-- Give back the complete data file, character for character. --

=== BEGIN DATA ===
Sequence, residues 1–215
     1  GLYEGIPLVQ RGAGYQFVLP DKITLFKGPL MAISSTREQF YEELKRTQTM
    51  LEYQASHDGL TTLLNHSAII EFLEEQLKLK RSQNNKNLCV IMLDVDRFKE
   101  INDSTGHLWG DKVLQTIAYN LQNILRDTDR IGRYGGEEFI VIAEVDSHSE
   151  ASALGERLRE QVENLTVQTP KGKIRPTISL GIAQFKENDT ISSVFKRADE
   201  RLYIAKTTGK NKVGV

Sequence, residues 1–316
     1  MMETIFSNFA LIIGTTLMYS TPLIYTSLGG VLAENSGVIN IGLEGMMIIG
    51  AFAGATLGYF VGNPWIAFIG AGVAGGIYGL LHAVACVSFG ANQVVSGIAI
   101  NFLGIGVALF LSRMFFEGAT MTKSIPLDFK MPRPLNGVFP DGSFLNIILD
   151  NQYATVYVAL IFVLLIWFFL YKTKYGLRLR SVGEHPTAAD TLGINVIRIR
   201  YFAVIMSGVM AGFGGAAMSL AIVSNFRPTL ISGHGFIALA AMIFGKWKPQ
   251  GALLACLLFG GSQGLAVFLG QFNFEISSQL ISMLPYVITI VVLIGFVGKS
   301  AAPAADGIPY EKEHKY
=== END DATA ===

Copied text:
Sequence, residues 1–215
     1  GLYEGIPLVQ RGAGYQFVLP DKITLFKGPL MAISSTREQF YEELKRTQTM
    51  LEYQASHDGL TTLLNHSAII EFLEEQLKLK RSQNNKNLCV IMLDVDRFKE
   101  INDSTGHLWG DKVLQTIAYN LQNILRDTDR IGRYGGEEFI VIAEVDSHSE
   151  ASALGERLRE QVENLTVQTP KGKIRPTISL GIAQFKENDT ISSVFKRADE
   201  RLYIAKTTGK NKVGV

Sequence, residues 1–316
     1  MMETIFSNFA LIIGTTLMYS TPLIYTSLGG VLAENSGVIN IGLEGMMIIG
    51  AFAGATLGYF VGNPWIAFIG AGVAGGIYGL LHAVACVSFG ANQVVSGIAI
   101  NFLGIGVALF LSRMFFEGAT MTKSIPLDFK MPRPLNGVFP DGSFLNIILD
   151  NQYATVYVAL IFVLLIWFFL YKTKYGLRLR SVGEHPTAAD TLGINVIRIR
   201  YFAVIMSGVM AGFGGAAMSL AIVSNFRPTL ISGHGFIALA AMIFGKWKPQ
   251  GALLACLLFG GSQGLAVFLG QFNFEISSQL ISMLPYVITI VVLIGFVGKS
   301  AAPAADGIPY EKEHKY